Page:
Syrians can get free eye care thanks to a Turkish NGO

Syrians in need of eye care are finding relief through a Turkish NGO. Despite limited access to therapy in war-torn Syria, the Alliance of International Doctors' Idlib Ophthalmology Center has provided hundreds of cataract surgeries and screenings for thousands of people. With a focus on treating visual impairments, retinal issues, cataracts, and corneal concerns, the clinic aims to bridge the healthcare gap and educate future doctors. This non-profit organization is also active in neighboring countries, providing prosthesis, cataract treatments, and educational operations.

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Syrians have limited access to eye therapy in a country torn apart by a decade-long conflict, with government forces demolishing health facilities. This is being worked on by a Turkish non-profit organisation (NGO).


Years of fighting in northern Syria have displaced thousands of people, and the government is providing free therapy of eye to them. The Alliance of International Doctors' (AID) Idlib Ophthalmology Center performed hundreds of cataract surgeries and screened 7,000 people for eye disorders in a year or less than a year.

More over 4 million people live in Idlib, a province near the Turkish border beyond the jurisdiction of the Bashar Assad administration, as a result of mass migration caused by Syria's civil war and terrorism, many of them in tents.

According to Samer Alkhalil, an ophthalmologist at the clinic, the facility sees a wide range of patients with visual impairments, retinal issues, cataracts, and corneal concerns. "If surgery or treatment is required, we will prescribe it," he said. "We make an appointment with the patient and do the treatment within weeks of the examination if the therapy is connected to cataracts or similar cases of intraocular lens imbedding or anterior vitreous cut."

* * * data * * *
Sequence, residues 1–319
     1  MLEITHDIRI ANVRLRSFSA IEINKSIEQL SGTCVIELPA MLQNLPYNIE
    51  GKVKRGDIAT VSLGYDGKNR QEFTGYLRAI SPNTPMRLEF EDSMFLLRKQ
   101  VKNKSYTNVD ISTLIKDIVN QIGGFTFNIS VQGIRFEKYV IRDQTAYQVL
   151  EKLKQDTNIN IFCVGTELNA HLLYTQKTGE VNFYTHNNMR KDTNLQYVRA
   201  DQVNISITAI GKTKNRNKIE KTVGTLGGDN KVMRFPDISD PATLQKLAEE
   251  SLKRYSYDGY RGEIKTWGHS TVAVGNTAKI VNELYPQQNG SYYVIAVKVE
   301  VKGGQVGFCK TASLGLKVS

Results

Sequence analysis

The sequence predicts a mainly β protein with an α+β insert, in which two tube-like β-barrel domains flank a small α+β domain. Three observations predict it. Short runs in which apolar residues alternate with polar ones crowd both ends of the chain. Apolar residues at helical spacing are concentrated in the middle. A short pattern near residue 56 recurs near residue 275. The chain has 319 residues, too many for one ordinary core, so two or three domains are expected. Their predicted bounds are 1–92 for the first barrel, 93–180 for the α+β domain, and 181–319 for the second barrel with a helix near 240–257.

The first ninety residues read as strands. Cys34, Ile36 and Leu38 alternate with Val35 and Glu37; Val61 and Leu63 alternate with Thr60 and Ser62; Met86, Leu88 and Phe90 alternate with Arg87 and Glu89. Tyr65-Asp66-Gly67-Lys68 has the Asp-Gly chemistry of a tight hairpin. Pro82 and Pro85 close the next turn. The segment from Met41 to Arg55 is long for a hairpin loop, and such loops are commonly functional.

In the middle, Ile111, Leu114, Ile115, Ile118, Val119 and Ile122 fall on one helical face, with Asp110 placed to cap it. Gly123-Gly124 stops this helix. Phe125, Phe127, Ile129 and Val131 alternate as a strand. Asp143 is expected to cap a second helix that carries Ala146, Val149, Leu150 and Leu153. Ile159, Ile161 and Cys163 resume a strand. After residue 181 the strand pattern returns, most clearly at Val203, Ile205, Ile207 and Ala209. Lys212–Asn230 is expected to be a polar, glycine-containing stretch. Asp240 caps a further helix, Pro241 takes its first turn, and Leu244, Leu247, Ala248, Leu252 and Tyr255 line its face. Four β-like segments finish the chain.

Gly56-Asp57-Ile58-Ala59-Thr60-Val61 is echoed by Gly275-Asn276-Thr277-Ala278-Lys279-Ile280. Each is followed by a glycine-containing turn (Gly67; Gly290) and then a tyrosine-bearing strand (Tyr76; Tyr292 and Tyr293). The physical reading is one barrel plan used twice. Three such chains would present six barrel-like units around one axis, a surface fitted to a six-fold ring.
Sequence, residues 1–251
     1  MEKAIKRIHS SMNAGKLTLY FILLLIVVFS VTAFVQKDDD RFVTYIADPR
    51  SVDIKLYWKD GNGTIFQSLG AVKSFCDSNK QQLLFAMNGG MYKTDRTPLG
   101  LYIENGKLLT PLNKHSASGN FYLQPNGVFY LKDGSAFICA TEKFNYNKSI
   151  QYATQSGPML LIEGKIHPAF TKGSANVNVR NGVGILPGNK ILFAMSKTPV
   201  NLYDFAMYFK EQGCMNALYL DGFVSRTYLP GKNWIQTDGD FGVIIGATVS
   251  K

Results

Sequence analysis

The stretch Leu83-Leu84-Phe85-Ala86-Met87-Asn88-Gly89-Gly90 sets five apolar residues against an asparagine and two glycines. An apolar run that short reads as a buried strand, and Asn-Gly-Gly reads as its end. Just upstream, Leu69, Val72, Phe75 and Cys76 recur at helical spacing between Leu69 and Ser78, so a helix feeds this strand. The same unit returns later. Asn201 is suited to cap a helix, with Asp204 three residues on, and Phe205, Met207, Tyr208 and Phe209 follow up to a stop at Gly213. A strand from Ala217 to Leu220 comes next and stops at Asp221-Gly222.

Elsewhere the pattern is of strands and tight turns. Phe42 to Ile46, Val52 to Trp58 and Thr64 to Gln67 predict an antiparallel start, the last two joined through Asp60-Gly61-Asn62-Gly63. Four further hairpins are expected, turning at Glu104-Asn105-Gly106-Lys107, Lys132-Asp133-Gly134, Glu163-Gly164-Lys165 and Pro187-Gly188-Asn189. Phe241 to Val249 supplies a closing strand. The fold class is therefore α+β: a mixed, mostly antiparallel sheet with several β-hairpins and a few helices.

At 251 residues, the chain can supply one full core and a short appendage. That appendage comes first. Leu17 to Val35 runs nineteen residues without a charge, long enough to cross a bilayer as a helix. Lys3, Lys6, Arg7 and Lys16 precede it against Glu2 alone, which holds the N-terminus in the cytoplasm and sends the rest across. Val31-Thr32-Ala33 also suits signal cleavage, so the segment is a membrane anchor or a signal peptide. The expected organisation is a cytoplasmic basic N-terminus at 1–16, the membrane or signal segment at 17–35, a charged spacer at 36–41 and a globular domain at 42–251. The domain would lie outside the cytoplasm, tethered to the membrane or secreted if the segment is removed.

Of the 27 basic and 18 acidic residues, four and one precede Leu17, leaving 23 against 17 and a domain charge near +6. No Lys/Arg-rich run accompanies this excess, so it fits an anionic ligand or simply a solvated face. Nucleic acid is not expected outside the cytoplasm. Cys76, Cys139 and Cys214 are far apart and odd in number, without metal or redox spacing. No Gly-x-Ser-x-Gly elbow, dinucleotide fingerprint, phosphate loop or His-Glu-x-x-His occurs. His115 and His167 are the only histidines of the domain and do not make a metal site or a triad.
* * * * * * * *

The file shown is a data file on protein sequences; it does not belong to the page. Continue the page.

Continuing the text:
According to him, the centre performs roughly 100 treatments and 900 evaluations per month, with the vast majority of cases including refractions and vision difficulties. According to Alkhalil, Idlib has a large proportion of cataract patients. "Due to a gap in or absence of (health-care) services, there have been a substantial number of events here in recent years, more than in other regions of the world," he said. He went on to say that the centre now performs a substantial number of cataract procedures in addition to eye exams and medicine and spectacle sales.

He also argues that the hospital is actively involved in future doctor education. "We teach new doctors to work toward the goal of their expertise," Alkhalil explained. "We teach them how to avoid a community gap later due to a doctor shortage at the clinic and throughout their treatments." He believes that by giving free ophthalmic surgeries, the centre aids other organisations. "We try to help them in every way we can by providing resources, scientific support, and medical support."

The organisation has also been active in many sections of Idlib and other countries, such as neighbouring Turkey and Africa, giving prosthesis, cataract treatments, and educational operations, with the help of partner organisations.

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